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Inside Shimano's Malaysian Wheel Factory

Published December 19, 2007

PEKAN NANAS, Malaysia (BRAIN)—No blindfolded twisting bus trip, no nondisclosure documents signed with a pricked finger, just six magazine editors with cameras touring Shimano’s Malaysian component factory.

The factory produces all of Shimano’s wheels, including Dura Ace, and all its pedals. Cranks, hubs and some brakes up to the Tiagra level on the road side and to Deore on the mountain side are also made there. Due to a variety of proprietary manufacturing processes in use at the plant Shimano never opened its facility to the press before.

So why open the facility now? Thank the increasingly competitive wheel market. Shimano thinks it has a unique story in the way it produces its wheels and it wants to get the message out: it is not just another wheel company.

“Other makers may talk up robot builds or final hand truing but the experienced hand of a wheel builder through the entire process is still better, much better. So we are committed to hand-building, which may surprise some,” said Devin Walton, Shimano’s public relations manager.

All of Shimano’s wheels, except full-carbon Dura Ace tubulars, are hand-built in Pekan Nanas using components made under the same roof—hubs, spokes, nipples and rims. Though some wheels may have robots stuff spokes in hubs, which is where the mechanization stops, there are no other robots on the floor. High-end Dura Ace clincher wheels are built entirely by hand. Dura Ace tubular wheels are made in Japan.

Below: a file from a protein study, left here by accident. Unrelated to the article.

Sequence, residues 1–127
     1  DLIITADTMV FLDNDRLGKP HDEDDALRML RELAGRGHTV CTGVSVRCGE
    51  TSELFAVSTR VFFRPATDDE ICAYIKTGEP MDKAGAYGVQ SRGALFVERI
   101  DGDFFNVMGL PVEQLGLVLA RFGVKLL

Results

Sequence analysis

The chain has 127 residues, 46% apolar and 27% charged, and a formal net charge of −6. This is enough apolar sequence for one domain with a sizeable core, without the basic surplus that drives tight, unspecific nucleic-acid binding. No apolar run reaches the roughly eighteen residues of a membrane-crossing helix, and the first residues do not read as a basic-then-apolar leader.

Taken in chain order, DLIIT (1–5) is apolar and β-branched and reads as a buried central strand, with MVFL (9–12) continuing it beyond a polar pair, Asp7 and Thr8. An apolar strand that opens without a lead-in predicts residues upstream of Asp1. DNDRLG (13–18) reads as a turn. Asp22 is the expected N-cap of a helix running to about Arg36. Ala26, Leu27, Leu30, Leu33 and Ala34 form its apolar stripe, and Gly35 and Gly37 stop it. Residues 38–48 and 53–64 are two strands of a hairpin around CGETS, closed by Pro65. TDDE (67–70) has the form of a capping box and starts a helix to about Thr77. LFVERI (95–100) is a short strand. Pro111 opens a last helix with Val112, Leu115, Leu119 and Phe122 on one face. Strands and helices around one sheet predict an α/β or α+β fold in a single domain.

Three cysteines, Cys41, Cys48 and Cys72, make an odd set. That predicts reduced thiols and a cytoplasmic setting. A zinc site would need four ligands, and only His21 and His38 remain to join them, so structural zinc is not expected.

“Other makers rely on one source for spokes, another source for hubs and someone else for rims to pull their wheels together. However, to provide an engineered wheel system you have to be able to engineer each component part, which is easy for us since we make everything in here under one roof,” Walton added.

Shimano established its factory in Malaysia 17 years ago. Encompassing 89,000 square meters, or 956,000 square feet, the plant employees 2,087 people and is ISO 9001 and 14001—an environmental standard compliant. In addition to bike parts, the factory produces a variety of spinning and bait casting fishing reels.

To that image of white-coated clean-room workers hustling around making microchips, add Dura Ace wheels. All Dura Ace clinchers are made in a clean-room by workers shuffling around in dust booties, meticulous lab uniforms in a climate controlled filtered air environment. In another clean-room, Dura Ace’s WH-7850-C24 CL and deep-section C50 CL hybrid aluminum carbon clincher rims are made, occasionally in 24-hour shifts, to meet its carbon clincher demand.

The pride of the Malaysian factory is its aluminum-carbon hybrid Dura Ace C24-CL rim. The aluminum rim extrusion that forms its core is only 0.55 millimeters thick below the brake track. This inner rim is overlaid with about the same amount of carbon ending up with a final rim weight of 380 grams. The C24 at 1,231 grams a pair, weighs only 150 grams more then Dura Ace’s all carbon C24-TU tubular wheelset, yet sells for $1,300. Consumers can only get C24-CL wheelsets from bike shops beginning in February, since the long development cycle for the C24-CL pushed them past the original equipment sales season, they may appear on production bikes later in the spring.

—Story and picture by Matt Wiebe

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